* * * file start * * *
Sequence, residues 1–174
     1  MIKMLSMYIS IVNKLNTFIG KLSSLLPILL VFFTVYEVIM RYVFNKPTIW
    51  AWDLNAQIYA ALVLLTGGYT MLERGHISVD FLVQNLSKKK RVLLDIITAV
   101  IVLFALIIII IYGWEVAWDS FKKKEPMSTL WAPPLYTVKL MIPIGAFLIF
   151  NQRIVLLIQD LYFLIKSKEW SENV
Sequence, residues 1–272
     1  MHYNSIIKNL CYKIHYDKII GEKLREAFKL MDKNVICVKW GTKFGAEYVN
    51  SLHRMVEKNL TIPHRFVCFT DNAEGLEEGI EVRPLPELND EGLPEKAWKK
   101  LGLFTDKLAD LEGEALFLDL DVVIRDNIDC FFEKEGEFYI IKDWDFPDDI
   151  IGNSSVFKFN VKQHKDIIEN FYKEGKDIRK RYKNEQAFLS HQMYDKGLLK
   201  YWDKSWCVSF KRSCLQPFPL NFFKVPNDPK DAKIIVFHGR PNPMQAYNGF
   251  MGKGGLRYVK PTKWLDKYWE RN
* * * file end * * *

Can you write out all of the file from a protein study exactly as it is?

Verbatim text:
Sequence, residues 1–174
     1  MIKMLSMYIS IVNKLNTFIG KLSSLLPILL VFFTVYEVIM RYVFNKPTIW
    51  AWDLNAQIYA ALVLLTGGYT MLERGHISVD FLVQNLSKKK RVLLDIITAV
   101  IVLFALIIII IYGWEVAWDS FKKKEPMSTL WAPPLYTVKL MIPIGAFLIF
   151  NQRIVLLIQD LYFLIKSKEW SENV
Sequence, residues 1–272
     1  MHYNSIIKNL CYKIHYDKII GEKLREAFKL MDKNVICVKW GTKFGAEYVN
    51  SLHRMVEKNL TIPHRFVCFT DNAEGLEEGI EVRPLPELND EGLPEKAWKK
   101  LGLFTDKLAD LEGEALFLDL DVVIRDNIDC FFEKEGEFYI IKDWDFPDDI
   151  IGNSSVFKFN VKQHKDIIEN FYKEGKDIRK RYKNEQAFLS HQMYDKGLLK
   201  YWDKSWCVSF KRSCLQPFPL NFFKVPNDPK DAKIIVFHGR PNPMQAYNGF
   251  MGKGGLRYVK PTKWLDKYWE RN